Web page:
The term useful Jew was used in various historical contexts, typically describing a Jewish person useful in implementing an official authority's policy, sometimes by oppressing other Jews. Nowadays, the use of this term is considered inappropriate.
- In 1744, Frederick II of Prussia introduced the practice of limiting Jewish population to a small number of the most wealthy families, known as protected Jews. The first-born son in such families inherited this privilege; other children were considered useless by the authorities and had an alternative to "either abstain from marriage or leave."
- Following the establishment of the Pale of Settlement by Imperial Russia, only useful Jews (Russian: полезные евреи) were allowed to live outside the Pale; these included Jews such as wealthy first-guild merchants (Russian: купцы первой гильдии), persons who received higher education, cantonists, after serving their full term in the army, and some other categories.
- During the Holocaust in Nazi-occupied Europe, the Jews who helped implement the Final Solution, such as members of Judenrat or the Jewish Police, were considered "valuable Jews" (German: Wertvolle Juden). They, and sometimes members of their families as well, were immune from deportation for extermination so long as they served the Nazis' purposes. Also, Jews who had helped plan the 1936 Summer Olympics in Berlin were considered "useful" and were spared deportation.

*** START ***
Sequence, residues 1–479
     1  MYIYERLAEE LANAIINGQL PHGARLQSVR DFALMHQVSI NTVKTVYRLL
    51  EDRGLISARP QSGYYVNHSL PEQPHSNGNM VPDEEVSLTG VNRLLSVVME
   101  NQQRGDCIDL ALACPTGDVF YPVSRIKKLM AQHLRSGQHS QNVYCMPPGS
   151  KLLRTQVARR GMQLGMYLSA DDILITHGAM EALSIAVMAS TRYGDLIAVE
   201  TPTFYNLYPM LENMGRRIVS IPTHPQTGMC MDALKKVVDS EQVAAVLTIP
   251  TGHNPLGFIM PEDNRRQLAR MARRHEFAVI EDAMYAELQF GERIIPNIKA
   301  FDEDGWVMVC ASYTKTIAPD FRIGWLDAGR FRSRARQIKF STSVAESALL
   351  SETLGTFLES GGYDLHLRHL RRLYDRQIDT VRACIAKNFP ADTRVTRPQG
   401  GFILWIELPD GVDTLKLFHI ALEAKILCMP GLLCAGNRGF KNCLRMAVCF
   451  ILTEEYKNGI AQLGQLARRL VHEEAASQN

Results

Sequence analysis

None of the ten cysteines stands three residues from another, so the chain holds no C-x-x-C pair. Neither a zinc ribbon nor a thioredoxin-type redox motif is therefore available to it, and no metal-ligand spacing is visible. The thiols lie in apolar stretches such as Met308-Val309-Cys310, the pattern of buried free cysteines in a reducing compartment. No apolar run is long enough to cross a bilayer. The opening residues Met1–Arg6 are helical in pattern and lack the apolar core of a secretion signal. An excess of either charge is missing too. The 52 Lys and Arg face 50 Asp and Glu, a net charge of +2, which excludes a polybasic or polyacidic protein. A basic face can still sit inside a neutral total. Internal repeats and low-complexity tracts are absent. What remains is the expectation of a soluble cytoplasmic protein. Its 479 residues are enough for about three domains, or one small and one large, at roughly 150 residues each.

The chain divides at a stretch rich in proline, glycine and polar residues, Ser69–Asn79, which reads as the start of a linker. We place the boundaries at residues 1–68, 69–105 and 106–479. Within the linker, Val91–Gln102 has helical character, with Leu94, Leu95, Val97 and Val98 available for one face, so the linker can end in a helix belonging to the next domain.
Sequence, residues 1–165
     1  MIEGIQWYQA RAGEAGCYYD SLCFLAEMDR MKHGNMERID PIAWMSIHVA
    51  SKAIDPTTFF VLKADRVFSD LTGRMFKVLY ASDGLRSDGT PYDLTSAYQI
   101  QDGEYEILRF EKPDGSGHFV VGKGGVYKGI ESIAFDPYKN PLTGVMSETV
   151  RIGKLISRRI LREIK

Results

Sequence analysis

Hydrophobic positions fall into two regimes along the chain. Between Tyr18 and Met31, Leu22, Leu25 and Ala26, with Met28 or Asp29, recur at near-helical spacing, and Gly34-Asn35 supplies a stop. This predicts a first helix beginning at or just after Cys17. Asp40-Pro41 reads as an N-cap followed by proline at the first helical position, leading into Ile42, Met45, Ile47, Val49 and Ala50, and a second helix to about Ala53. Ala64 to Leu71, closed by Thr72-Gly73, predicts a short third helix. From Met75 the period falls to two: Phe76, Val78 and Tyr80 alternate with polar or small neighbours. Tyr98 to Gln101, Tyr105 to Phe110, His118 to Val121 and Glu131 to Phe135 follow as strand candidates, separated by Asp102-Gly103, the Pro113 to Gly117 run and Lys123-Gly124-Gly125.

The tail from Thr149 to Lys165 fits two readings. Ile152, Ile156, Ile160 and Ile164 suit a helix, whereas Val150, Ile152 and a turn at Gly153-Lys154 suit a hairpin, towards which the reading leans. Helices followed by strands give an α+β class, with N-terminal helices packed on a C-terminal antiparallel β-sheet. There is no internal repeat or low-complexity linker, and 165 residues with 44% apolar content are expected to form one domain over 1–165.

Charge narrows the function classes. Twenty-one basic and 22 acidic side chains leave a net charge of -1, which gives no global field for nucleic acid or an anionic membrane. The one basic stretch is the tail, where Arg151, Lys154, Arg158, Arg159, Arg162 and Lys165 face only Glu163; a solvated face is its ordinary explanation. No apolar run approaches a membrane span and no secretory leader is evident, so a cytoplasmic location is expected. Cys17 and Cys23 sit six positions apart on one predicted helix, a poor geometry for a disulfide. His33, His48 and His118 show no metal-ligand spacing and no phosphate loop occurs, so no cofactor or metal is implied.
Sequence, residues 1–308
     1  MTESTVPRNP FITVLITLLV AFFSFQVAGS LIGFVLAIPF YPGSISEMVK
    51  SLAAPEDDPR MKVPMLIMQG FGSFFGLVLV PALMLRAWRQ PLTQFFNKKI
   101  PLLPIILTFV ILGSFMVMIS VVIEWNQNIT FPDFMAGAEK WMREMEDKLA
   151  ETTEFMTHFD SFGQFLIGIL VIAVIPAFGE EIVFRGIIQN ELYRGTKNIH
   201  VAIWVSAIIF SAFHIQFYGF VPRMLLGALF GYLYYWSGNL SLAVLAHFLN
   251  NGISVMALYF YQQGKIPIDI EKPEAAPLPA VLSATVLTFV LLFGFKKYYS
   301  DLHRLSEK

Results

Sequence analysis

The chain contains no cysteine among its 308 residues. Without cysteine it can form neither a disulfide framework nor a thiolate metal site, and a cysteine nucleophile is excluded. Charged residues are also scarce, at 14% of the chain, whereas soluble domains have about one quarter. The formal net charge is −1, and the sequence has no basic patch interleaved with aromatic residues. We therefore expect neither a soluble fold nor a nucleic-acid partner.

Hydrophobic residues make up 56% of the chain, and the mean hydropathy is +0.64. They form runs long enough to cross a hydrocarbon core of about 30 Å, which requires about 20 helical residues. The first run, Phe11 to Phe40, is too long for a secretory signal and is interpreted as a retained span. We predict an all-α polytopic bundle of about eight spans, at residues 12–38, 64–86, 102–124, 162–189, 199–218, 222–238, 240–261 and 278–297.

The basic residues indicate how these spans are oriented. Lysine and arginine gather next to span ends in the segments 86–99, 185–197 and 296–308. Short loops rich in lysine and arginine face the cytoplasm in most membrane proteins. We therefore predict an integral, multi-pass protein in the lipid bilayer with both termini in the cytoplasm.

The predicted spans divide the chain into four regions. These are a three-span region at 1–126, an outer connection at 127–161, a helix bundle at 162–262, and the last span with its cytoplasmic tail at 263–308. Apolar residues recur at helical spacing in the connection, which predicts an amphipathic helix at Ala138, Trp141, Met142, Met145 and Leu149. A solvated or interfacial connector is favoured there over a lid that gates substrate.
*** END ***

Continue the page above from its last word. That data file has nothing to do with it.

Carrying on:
- In the Soviet Union, Jewish members of the Anti-Zionist Committee of the Soviet Public were colloquially known as useful Jews or pocket Jews (Russian: карманные евреи), implying their corruption by high positions in the state hierarchy.
- Certificate Confirming Payment of Protection Money (Schutzgeld) for a Jewish Resident (1833)
- Simon Dubnow: The newest history of the Jewish people, 1789–1914
- How Russia Shaped the Modern World: From Art to Anti-Semitism, Ballet to Bolshevism by Steven G. Marks, p.142 ISBN 0-691-11845-0
- Russia at Institute for Jewish Policy Research
- (Russian) The infamous AZCSP (in Russian) Prepared by Moscow Bureau for human rights. Contains excerpts from June 6, 1983 AZSCP press-conference from the press-center of Soviet Ministry of Foreign Affairs. (sem40.ru)